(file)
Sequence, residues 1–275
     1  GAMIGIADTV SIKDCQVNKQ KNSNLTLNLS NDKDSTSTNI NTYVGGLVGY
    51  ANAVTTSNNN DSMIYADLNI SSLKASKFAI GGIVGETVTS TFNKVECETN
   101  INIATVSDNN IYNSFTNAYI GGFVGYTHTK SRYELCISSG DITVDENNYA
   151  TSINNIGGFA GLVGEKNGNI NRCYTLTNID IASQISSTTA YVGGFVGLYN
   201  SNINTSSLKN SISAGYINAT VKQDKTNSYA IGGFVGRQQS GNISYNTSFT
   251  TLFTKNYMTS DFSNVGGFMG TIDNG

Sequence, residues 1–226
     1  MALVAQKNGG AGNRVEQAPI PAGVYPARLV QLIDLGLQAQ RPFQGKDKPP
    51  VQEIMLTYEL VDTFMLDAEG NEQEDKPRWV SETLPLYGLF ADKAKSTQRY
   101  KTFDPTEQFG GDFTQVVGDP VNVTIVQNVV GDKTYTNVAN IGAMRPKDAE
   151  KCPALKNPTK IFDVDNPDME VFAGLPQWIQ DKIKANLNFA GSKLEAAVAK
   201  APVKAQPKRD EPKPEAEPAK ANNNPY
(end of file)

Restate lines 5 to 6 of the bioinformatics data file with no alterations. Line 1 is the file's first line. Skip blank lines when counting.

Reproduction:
   151  TSINNIGGFA GLVGEKNGNI NRCYTLTNID IASQISSTTA YVGGFVGLYN
   201  SNINTSSLKN SISAGYINAT VKQDKTNSYA IGGFVGRQQS GNISYNTSFT